A Tale of Two Offices

ReceptionistsThe past year has been one in which I’ve had to spend an abnormally high amount of time in doctor’s offices. After avoiding the commitment for years, I even selected a primary care physician; it is something that healthcare insurers and providers are exceedingly fond of asking about.  Until recently, I had no real context to compare the behavior of the people who greet you at the front desk, ensure that you have paid what you owe and schedule your inevitable next appointment. Now that I have reluctantly been given that context I began considering how communication skills at the front desk could influence the perception one has about their medical provider.

The primary care physician I selected is a pleasant, robust woman, perhaps in her late thirties or early forties. She is one of the doctors who share a practice with my wife’s primary doctor and I became comfortable right away. During my initial visit, I found her to be extremely thorough and refreshingly direct without being condescending or rude. Unfortunately, I found the staff at the front desk not quite as inviting. Upon my first visit, I noticed there were three to four employees at the front desk and the same number of people waiting in the lobby to be seen. It was early and not very busy. I couldn’t quite put my finger on why I had such an odd emotional reaction to that front desk staff.

After my visit with the doctor and I was about to schedule that inevitable follow up, I waited while another patient scheduled hers. I notice the interaction between the two and it felt….cold. I mentally chalked it up to some unpleasantness from the other patient that I had not witnessed so when it was my turn, I made a point of smiling, I even made some random humorous comment, which should have elicited some response, but I got nothing…..crickets….just a look that implored me to get on with it please. At the time, I didn’t give the incident anymore thought because frankly, I was more focused on my health.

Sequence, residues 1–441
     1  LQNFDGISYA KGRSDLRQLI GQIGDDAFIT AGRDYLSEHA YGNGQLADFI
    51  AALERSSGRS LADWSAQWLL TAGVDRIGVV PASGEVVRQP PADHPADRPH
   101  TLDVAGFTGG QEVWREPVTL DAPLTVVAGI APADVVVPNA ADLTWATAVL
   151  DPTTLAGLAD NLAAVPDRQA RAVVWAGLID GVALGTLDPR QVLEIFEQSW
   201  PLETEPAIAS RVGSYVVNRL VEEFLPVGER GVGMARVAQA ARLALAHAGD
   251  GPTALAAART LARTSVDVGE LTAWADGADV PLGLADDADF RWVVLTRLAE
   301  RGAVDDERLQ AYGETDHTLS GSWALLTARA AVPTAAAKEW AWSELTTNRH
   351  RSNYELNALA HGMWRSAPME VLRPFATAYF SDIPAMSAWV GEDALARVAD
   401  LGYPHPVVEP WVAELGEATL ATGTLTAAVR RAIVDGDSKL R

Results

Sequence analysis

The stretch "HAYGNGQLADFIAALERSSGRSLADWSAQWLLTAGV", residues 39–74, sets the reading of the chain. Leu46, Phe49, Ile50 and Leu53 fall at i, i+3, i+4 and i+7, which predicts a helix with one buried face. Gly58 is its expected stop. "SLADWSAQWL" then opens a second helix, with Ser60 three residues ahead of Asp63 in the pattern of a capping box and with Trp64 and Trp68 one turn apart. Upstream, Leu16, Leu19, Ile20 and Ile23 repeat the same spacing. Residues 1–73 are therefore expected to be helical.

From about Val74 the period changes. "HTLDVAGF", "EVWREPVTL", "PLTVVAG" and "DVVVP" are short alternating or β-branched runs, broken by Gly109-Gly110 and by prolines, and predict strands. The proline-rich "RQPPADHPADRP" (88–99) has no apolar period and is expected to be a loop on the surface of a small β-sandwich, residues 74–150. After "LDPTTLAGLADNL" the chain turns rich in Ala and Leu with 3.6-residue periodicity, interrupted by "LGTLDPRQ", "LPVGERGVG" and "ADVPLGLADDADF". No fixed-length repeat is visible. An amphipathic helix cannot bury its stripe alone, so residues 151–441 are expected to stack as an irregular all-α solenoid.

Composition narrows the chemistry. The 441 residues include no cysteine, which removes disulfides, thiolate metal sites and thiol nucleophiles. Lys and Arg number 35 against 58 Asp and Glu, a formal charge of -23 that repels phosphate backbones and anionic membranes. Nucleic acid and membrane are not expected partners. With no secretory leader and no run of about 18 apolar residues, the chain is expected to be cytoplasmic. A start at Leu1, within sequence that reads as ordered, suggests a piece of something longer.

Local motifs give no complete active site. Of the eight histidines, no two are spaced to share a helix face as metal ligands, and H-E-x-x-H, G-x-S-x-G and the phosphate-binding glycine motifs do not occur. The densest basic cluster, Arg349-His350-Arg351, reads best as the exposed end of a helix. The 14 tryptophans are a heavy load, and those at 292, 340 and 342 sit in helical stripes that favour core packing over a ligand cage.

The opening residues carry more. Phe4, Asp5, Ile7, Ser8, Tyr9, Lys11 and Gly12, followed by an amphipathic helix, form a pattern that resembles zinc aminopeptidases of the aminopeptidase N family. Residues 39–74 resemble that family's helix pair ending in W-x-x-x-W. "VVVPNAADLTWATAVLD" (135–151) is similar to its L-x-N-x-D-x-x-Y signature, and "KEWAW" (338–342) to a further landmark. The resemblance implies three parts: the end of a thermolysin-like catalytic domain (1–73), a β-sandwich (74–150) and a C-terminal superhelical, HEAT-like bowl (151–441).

In between medical doctor visits, I needed to make an appointment with a dentist, because one of my wisdom teeth became impacted. I decided to try a new dentist and after an initial exam, that dentist had to refer me to a specialist, it was in that specialist’s office that I found the most striking difference in how patients could treated at the front desk. It is a smaller office, with only two people at the front desk on a regular basis, after one visit I was on a first name basis with both. Even if it hadn’t been a situation in which they had time to chat with me, I still believe they would have greeted me with a welcoming smile and sincere warmth. I left with a feeling of confidence in their professionalism, even though the procedure I was going to undertake would be painful and unpleasant.

My second visit to my primary’s office only confirmed my suspicions from before; it’s not that anyone was rude, it was just cold, indifferent and mechanical and as much as I like my doctor, I am considering changing. From what I know, some doctors manage their offices themselves and others hire someone else to do it for them. In either case, this was a glaring example how the face of a business is not in the boardroom or the backroom. The face of any organization, no matter what size, is in those who greet the customer every day and no matter how great you are or how great your product is, your customers will eventually tire of poor relations with your upfront staff. If you put the right “face” on your business, your customers will better tolerate a little pain on occasion.

~ Richard

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About Richard
I have spent my entire life learning to be a better communicator in in all facets of my life. I have learned as much from my failures as I have from success; laughing, crying and loving along the way. After earning a B.S. in Communications I decided to share what I have learned while continuing my own personal growth. I believe that the better we are to each other, the richer our lives will become.

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